Oct 31, 2007
There’s a grand, almost royal disappointment lurking at the heart of Hellgate. It’s a disappointment wrought from the strange collage of game styles it’s inspired by. It’s both a fast-paced first-person shooter recalling Half-Life and Call of Duty, and a simple action-RPG like Diablo.
On paper this could, and should, be one of the great addictive pleasures of our time - an engrossing treadmill of leveling up and upgrading your weapons, skills and items, mixed with the violence and feedback of the best action games.
Instead, it’s a game in which you point hose-pipe weapons at fat zombies and stunted demons until they explode in a convulsive fountain of gore and inexplicable loot. It’s a game where even the most basic movement feels stilted, the most basic violence unimpressive and the Londoners you meet on the way recall the worst Dick Van Dyke accents.
Hellgate is a strange game for a number of reasons. First of all, it’s a weird amalgam of singleplayer and massively multiplayer. You can tackle its main quest alone, or you can band together online.
Secondly, many of its side missions and locations are randomly generated. You might set out for the British Museum to pick up a sacred artifact but discover a portal to another dimension down a drainpipe. Finding these random side-missions is part of Hellgate’s thrill: knowing that in a few seconds, you’ll be showered in special loot.
Hellgate creates a gorgeous first impression. You begin alone and abandoned in a side-street. The city is wrecked: empty shells of buildings and their basements are pockmarked with glowing larval markings. Weird blimp things roam the sky. Ahead, zombies shuffle. And then you move. And Hellgate’s fundamental problem becomes clear.
Of Hellgate’s six classes, two are clearly designed for twitch FPS players: the marksman and engineer. The problem: shooting in Hellgate feels like directing a hosepipe. When you play as these, there’s little sense that you’re shooting a gun. There’s no kinetics, no feedback.
It’s not that Hellgate doesn’t provide thrills. It’s that they’re the thrill of finding a significant upgrade to your current gun. Or a battery or fuel cell that can be slotted in to offer a tiny amount of extra damage. What Hellgate doesn’t provide is a sense of gung-ho adventure, or sadistic bullet-ridden torture. The magic classes, the Evoker and the Summoner (wizards both, the first focusing purely on damage output, the second on controlling demon pets), suffer from the same problem. Their regular attacks come from “focus items” - they’re meant to be crystals to harness inner energy, but they come across as plasma cannons.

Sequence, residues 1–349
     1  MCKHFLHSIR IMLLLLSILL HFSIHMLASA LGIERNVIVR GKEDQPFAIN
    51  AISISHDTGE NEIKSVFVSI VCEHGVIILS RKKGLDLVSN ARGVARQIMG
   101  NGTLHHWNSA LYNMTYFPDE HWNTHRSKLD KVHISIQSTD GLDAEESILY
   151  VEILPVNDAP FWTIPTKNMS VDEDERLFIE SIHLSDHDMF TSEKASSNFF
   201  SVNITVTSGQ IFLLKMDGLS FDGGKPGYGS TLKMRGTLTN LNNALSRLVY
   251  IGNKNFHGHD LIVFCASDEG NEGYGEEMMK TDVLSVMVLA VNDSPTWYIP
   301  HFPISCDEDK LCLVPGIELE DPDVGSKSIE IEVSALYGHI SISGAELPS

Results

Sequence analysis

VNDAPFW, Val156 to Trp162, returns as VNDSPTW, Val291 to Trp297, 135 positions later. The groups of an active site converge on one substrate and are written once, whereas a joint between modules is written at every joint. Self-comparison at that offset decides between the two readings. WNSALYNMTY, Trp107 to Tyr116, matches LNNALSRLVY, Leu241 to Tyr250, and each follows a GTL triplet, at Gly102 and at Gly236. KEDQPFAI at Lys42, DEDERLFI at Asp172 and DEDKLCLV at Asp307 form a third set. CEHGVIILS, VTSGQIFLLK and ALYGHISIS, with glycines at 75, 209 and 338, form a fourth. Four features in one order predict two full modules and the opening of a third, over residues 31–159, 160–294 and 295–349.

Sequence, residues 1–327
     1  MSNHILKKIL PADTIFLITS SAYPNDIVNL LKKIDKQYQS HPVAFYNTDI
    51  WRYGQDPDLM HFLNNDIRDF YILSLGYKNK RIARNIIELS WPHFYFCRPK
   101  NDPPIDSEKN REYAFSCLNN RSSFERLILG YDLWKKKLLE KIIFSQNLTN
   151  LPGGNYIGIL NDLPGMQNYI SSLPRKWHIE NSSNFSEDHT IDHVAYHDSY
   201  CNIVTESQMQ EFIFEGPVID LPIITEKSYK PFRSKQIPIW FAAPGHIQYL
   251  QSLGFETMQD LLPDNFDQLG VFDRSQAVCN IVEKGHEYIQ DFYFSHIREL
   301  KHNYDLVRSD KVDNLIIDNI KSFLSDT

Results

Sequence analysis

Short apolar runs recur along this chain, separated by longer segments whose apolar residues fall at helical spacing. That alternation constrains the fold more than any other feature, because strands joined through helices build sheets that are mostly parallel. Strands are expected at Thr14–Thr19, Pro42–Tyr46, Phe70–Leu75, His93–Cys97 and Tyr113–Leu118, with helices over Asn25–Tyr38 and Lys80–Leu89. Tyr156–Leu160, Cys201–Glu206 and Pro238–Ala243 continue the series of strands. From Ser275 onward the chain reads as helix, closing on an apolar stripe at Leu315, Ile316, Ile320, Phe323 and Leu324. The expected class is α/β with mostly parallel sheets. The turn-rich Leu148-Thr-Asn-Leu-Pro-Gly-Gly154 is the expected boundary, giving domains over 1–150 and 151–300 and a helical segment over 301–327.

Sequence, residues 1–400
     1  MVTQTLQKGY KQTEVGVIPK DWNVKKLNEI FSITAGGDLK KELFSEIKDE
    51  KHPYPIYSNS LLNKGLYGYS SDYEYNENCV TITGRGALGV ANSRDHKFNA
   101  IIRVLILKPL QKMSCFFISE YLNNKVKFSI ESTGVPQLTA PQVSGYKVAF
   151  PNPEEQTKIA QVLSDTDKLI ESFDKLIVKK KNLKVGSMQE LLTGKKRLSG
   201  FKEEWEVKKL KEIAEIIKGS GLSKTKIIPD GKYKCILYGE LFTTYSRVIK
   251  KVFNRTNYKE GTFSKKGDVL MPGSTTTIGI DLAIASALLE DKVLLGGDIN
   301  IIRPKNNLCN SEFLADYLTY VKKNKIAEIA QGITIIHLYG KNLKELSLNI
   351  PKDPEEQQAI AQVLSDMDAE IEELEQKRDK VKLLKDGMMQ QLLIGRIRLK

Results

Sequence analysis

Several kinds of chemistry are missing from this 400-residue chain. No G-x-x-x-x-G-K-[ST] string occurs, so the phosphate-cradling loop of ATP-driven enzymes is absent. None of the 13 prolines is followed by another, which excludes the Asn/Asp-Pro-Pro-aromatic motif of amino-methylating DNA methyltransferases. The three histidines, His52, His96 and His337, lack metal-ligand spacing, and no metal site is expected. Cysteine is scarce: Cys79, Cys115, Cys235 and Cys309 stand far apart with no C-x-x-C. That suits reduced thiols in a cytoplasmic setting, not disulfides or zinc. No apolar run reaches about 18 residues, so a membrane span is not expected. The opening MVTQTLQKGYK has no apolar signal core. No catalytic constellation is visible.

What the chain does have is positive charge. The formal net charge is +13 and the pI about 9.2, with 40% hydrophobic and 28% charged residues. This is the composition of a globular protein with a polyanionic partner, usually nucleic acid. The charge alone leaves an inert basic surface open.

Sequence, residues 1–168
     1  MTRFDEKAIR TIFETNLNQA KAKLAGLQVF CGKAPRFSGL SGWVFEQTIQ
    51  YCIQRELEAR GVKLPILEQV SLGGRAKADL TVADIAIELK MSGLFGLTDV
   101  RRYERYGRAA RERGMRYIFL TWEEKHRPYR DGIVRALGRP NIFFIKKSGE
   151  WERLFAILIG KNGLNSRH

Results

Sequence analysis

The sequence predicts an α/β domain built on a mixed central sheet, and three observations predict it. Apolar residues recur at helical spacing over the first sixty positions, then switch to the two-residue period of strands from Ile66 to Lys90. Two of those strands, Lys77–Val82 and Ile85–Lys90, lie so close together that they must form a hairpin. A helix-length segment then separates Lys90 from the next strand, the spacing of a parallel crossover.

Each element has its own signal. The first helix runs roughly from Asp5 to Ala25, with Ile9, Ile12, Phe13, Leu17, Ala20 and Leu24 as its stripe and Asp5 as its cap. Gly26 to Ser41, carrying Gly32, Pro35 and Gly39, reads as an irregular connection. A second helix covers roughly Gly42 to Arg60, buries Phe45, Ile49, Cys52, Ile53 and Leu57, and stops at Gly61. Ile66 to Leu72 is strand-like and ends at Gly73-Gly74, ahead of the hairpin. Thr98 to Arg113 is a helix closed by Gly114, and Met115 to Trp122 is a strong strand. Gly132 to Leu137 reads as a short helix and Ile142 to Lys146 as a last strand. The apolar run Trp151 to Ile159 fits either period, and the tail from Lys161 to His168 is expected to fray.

It’s much worse when you play the sword-swinging melee classes. The Bladesmith (best for two-handed fast slicing) and the Guardian (takes punishment on his shield) spend most of their time going toe to toe with Hellgate’s legions of bads. The problem: fighting is just a case of holding down the left mouse button and some special abilities (shield bashes, extra-heavy swipes) until stuff falls over. Even then, the baddies don’t even fall over well: stiff, pre-canned animations rather than the glorious mess of ragdoll physics we’re accustomed to.
What utterly ruins the illusion is that even the most terrifying creatures have absolutely no intelligence. A minion’s idea of a good time is to run toward you, sword drawn, until dead. His superior has the same problem. It’s something you can exploit. All that really matters is how much health they have, if they have any special attacks such as mystic fireballs or toxic plumes, and how they play in packs. Some demons cast shields on others. So kill them first. One breed of zombie will spawn infinite waves of his kind. So make him your primary target. Boss fights are a chore: just walk backward, firing, until death. Yours or theirs.
Online shows Hellgate at its best and worse. While having other players with you, the crowds of zombies become giant herds, and the subtle underpinning of the classes becomes clear. As the melee characters dash in, marksmen and casters hold back. Exploring London becomes a shared experience, and better for it. But with few tools to track down online partners, and crowded chat channels, finding groups can be a real pain. There’s no Looking for Group tool - you’ll have to rely on buddy lists or spamming chat channels. It’s a far cry from dedicated MMO games like World of Warcraft.
Loot is Hellgate’s strong point. It’s what turns it from a middling action shooter into an obsession. When absolutely every chestplate, every pair of pants, anything you wear or hold can be customised, when you’re assigning skill points every few minutes, when you’re weighing up point assignments with the requirements of lust-worthy armour, the choices come quick and fast. For every ten minutes of constant shooting, at least a tenth of that is spent on management - deconstructing drops, balancing and rebalancing your inventory.
Oh: and rather than tooling about with the hobo-clown look so common to RPG games, each item you pick up can be chosen to dominate your outfit. Every other part will then match that style. From the first moment, you’re going to look reasonably suave in the face of adversity. Add dyes to pick your colour, and you can look cool and distinctive too.
Hellgate: London hooked us - it elicits an almost Pavlovian response in even the most jaded of RPG wonks. But no matter how much we adore its juicy role-playing sub-systems, we can’t get past its wobbly core game. Maybe it’s a Pavlovan response. Tasty, sugary, but ultimately empty; just full of air.